Don't stress!!! But if that didn't work, try this
Author: Nina Kajee
You’ve seen this before: David Attenborough narrating from a forest in Cameroon, where the cameras carefully film a troop of gorillas. Suddenly, there’s a skirmish and the silver-backed leader assumes an imposing stance to assert his dominance and re-establish the status quo. Lizards also puff themselves up when confronted with a threat, as do most dogs, cats, and birds. It’s a prehistoric nonverbal signal that conveys power and, because striking a pose like this exposes vital organs, confidence.
By now, Amy Cuddy’s 2012 TED Talk on body language is famous. The social psychologist and her colleagues established a link between cortisol and testosterone levels in humans assuming big and small poses. Smaller poses led to increased cortisol and lower testosterone levels, while the opposite occurred when subjects assumed big poses.
Cortisol is the body’s primary stress hormone, secreted when there is a threat. It sets off a series of complex reactions to get you ready to fight or flee the stressor. Testosterone (present in the bodies of all sexes, not just males) is linked to mood maintenance. Dr Cuddy and her colleagues proposed that testosterone secretion had the inverse effect of cortisol – in other words, more testosterone makes us less stressed.
Fake it till you become it
After establishing that posture is an indication of the delicate balance between the levels of cortisol and testosterone in the body, Dr Cuddy and her team questioned whether the reverse was also true. Simply put: can posture be consciously manipulated to tip the testosterone/cortisol balance in a desired direction, therefore affecting how we feel? Apparently, yes.
“So, when I tell people about this,” says Dr Cuddy in her TED talk, “that our bodies change our minds and our minds can change our behaviour, and our behaviour can change our outcomes, they say to me It feels fake.” Her solution to this is now a catch phrase: “Fake it till you become it.”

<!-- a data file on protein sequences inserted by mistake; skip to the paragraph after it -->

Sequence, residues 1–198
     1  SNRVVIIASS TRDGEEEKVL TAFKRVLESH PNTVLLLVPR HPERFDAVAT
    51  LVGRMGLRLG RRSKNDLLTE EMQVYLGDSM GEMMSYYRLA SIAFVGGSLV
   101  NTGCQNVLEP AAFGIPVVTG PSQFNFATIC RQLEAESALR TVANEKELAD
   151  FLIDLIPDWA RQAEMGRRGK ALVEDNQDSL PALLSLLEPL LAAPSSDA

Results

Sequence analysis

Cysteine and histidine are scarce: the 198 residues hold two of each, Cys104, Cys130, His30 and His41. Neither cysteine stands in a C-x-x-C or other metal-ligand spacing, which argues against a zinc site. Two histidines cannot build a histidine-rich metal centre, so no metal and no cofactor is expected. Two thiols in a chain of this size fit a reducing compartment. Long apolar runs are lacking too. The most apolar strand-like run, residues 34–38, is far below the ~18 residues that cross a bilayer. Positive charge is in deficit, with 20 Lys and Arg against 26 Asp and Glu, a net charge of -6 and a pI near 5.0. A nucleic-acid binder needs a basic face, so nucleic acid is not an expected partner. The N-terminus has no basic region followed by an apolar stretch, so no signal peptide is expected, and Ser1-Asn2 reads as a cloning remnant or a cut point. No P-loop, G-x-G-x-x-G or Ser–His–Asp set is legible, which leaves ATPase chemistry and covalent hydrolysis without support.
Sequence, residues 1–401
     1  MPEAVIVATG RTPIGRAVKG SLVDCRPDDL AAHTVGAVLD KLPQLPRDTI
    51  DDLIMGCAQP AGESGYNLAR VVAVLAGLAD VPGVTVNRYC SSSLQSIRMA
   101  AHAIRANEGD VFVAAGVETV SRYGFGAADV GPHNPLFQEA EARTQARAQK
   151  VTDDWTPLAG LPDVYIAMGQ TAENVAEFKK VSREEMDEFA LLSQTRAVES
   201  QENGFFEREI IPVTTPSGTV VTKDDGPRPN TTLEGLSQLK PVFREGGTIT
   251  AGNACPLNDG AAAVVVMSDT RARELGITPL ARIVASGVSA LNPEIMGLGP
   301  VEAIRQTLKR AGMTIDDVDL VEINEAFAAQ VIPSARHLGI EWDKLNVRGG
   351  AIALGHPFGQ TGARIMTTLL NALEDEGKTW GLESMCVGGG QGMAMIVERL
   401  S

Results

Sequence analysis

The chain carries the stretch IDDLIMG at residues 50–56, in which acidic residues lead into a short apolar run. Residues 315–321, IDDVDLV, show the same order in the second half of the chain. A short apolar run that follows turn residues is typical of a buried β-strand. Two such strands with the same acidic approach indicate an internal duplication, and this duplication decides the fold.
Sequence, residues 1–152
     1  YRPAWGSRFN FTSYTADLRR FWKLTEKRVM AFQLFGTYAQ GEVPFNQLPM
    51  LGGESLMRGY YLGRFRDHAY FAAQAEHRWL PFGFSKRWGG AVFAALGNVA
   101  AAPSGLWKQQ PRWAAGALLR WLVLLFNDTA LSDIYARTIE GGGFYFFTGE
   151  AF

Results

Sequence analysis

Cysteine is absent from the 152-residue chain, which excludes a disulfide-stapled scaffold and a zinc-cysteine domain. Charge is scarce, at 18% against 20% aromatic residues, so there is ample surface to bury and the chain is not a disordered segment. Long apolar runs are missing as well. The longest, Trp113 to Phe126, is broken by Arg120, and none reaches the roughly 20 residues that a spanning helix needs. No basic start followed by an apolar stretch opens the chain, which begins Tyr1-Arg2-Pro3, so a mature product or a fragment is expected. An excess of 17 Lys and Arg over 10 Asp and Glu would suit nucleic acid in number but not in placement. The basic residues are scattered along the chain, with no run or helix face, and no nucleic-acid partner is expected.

More posture science
In a study published in NeuroRegulation in 2018, participants were required to complete maths problems in two different sitting positions; (1) upright with shoulders back and (2) slouched forward. They were asked to rate the difficulty of the maths after each sitting.
Interestingly, those who were confident in their maths abilities showed no difference in their ratings. However, those who were insecure about their maths abilities rated the upright position much higher than the slouched one. They felt much better about doing something that made them anxious, while sitting with better posture.
How to become it
The NeuroRegulation paper supports Dr Cuddy’s findings and points to the conclusion that a position which opens up the body and spreads the limbs may lower stress levels on a chemical level. This has led to a collection of so-called Power Poses.
The scientific community has questioned the effectiveness of the Power Pose over the years, but Dr Cuddy, who is a lecturer at Harvard, and her team have stuck to their guns on the matter in another publication from 2018. Why not try it for yourself now? Stand with your arms and legs outstretched as if in an X position for two minutes to benefit from a testosterone rush. If you’re limited to a seated position, be sure to sit upright, with shoulders back.